A group of organisations have been selected to deliver contracts worth £200 million to run National Citizen Service.
13 September 2012
A group of organisations including charities and colleges have been selected to deliver contracts worth £200 million to run National Citizen Service, the government announced today.
Building on the success of the last two years of pilot programmes, NCS is being expanded to meet the growing demand from young people and their parents. The successful organisations are those that have demonstrated the capacity and expertise to deliver high-quality NCS programmes over the next two years.
National Citizen Service offers 16-and 17-year-olds from different backgrounds valuable life experience by putting them into teams away from home and setting them the task of finding solutions to local problems or issues that matter to them. Independent evaluation of the programme by NatCen has shown that 92% of young people taking part would recommend it to friends, and that it benefits young people’s teamwork, communication and leadership skills.
In future, NCS will be structured differently, with a lead organisation responsible for the programme in each of 19 regions across England. Each regional lead will bring together a wide range of partner organisations to run the individual National Citizen Service programmes in that area.
The selected lead organisations are:
- Football League Trust
- Inspira (formerly Connexions Cumbria)
- Lincolnshire & Rutland Education Business Partnership
- New College Nottingham (College)
- Petroc (College)
- The Challenge Network
- The NCS Network
- Reed in Partnership
Minister for Civil Society Nick Hurd said:
Our ambition is to make National Citizen Service universal so that all 16- and 17-year-olds can take part. Following the success of this summer’s programme and the growing demand from young people and their parents, we are expanding the number of NCS places next year.
In order to deliver more places and maintain the standard of youth mentoring, we are awarding contracts to organisations who have demonstrated that they have the capacity and expertise to deliver high-quality NCS programmes that appeal to young people, benefit communities and offer value for money to the tax payer.
Sir Stuart Etherington, CEO of NCVO, said:
We are pleased to see our draft guidance being used as the basis for this tender. It’s vitally important that we get the relationship right between the voluntary sector and the private sector. Partnership working between the sectors is already commonplace, and our goal is to ensure that the experiences of our members and the views of the wider sector shape these processes so that we can facilitate appropriate collaboration and deliver better outcomes for public services.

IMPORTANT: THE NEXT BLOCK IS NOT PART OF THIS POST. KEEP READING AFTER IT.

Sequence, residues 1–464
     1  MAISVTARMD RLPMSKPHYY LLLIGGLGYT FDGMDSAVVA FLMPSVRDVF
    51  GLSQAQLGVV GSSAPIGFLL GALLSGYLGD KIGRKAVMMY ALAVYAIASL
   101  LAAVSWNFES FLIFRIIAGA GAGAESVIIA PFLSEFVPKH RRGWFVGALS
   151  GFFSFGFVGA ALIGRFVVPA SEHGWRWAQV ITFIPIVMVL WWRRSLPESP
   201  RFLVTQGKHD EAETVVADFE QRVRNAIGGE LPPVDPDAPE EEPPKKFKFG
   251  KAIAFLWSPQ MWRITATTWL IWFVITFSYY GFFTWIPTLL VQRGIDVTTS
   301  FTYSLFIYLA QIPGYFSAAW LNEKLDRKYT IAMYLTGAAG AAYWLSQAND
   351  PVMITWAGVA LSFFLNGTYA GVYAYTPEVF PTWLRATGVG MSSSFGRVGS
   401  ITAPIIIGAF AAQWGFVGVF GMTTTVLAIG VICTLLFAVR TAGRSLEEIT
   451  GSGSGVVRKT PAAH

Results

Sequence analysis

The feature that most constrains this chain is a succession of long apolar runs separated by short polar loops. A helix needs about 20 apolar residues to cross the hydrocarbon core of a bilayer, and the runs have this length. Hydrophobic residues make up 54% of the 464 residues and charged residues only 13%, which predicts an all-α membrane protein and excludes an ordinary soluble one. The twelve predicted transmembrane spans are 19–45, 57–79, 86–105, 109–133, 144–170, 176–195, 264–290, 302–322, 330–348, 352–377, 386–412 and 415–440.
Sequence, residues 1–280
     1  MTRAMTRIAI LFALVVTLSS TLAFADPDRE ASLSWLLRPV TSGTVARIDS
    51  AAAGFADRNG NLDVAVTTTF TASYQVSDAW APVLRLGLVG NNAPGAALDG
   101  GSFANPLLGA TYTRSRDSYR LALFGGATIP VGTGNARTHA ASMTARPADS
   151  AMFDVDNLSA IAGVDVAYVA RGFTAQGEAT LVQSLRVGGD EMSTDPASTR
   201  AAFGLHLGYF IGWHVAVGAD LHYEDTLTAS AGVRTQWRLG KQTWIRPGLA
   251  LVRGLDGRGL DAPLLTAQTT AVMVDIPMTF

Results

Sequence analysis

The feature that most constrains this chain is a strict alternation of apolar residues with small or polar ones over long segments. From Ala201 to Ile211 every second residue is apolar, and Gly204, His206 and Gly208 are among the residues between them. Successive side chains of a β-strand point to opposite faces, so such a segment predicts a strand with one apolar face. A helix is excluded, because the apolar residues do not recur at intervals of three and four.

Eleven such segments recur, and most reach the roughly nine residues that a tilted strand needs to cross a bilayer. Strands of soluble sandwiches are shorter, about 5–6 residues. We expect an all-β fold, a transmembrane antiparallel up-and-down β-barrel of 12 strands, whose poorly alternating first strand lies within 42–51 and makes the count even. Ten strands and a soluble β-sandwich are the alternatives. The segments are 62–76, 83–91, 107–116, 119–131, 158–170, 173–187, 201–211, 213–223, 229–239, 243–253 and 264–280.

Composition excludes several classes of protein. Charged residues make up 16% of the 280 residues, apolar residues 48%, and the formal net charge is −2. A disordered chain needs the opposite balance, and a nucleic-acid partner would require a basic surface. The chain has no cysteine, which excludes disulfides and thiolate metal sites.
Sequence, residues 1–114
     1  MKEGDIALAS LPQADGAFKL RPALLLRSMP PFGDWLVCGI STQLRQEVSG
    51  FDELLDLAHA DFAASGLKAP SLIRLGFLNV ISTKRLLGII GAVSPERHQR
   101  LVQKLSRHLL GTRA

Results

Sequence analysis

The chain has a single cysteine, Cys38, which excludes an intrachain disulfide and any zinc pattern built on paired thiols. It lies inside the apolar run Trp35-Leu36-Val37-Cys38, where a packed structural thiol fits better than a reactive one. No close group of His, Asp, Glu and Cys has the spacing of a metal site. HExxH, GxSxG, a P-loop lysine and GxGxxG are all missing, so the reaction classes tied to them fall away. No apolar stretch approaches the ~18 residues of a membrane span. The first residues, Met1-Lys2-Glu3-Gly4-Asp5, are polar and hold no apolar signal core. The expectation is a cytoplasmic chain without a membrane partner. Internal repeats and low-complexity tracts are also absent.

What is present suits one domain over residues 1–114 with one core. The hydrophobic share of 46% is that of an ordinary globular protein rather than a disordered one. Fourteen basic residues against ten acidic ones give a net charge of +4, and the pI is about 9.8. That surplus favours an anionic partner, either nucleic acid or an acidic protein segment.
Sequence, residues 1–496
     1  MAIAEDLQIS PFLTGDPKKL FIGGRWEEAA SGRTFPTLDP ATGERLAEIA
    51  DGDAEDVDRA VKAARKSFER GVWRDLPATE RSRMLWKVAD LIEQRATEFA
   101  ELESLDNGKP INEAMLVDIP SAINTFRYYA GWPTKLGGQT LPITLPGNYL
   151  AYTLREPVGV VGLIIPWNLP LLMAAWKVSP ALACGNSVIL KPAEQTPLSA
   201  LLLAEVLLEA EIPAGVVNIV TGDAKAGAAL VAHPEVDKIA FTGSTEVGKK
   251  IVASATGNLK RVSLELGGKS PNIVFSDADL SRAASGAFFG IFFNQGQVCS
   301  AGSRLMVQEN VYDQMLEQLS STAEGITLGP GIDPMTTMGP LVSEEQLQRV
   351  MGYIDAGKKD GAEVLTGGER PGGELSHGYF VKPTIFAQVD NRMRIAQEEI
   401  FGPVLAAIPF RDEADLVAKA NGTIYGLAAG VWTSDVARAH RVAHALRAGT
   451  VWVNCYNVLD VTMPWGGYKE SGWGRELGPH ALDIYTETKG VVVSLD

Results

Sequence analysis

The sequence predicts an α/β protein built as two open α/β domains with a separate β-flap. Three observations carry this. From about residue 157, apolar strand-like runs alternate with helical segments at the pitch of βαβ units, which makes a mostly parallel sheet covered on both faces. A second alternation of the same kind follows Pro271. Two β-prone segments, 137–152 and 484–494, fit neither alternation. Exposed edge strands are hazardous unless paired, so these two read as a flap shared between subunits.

The government received 57 bids for the 19 regional contracts. Eight bidders were successful, including four charities, two college consortia and two Voluntary, Community, Social Enterprise (VCSE) and private sector partnerships. As a result, over 120 organisations will be involved in the national and local delivery of NCS over the next two years, including over 70 organisations from the VCSE sector, and around 50 colleges and local authorities. Of the £200 million, organisations will spend £190 million on programme delivery, with the vast majority of the money going to the 120 VCSE organisations, education establishments and local authorities providing NCS experiences for young people. The remaining £10 million will be used by lead organisations to cover administration costs.
Notes to editors
NCS is moving from annual grant-funded pilots to 19 regional multi-year contracts to ensure value for taxpayer money and to give VCSE organisations more certainty about future funding.
Successful bidders will be given two-year contracts, with the option to extend for a further year to cover delivery in 2015.
Local and national VCSE organisations will play a key role in the delivery of NCS:
- In total, 73 charities and voluntary and community sector organisations will be delivering NCS locally, along with 18 local authorities, 29 education providers and five education and business partnerships
- Almost 90% of delivery partners are locally based, with many more organisations involved as community partners who will receive the benefit of young people’s social action in the coming years.
- 23% of organisations involved in delivery have an annual turnover of less than £1 million.
The contracts have been designed carefully so that all organisations will have funding to enable delivery, with 75% of the payment being made in advance of delivery.
- There will be limited financial risk to allow VCSE organisations to build their capacity and capability, while ensuring quality and value for money. Of total payments, 25% will be based on performance, including participant feedback and the rest paid in advance of delivery.
The management fee for all lead organisations, including those from the private sector, is capped at 5%.
The two consortia with private sector lead bodies are piloting guidelines for effective working with the VCSE developed by the National Council for Voluntary Organisations.
|Football League Trust||Yorkshire & Humber 1 (1 region)|
|Inspira||North West 3 (1 region)|
|Lincolnshire & Rutland Education Business Partnership||East Midlands 1 (1 region)|
|New College Nottingham||East Midlands 2 (1 region)|
|Petroc||South West 1; South West 2 (2 regions)|
|Reed||East 1; East 2 (2 regions)|
|The Challenge Network||London North, London South, West Midlands 2; North West 2; South East 3 (5 regions)|
|The NCS Network (Vinspired, NYA, UK Youth, Catch 22, Serco)||North East; North West 1; Yorkshire & Humber 2; West Midlands 1; South East 1; South East 2 (6 regions)|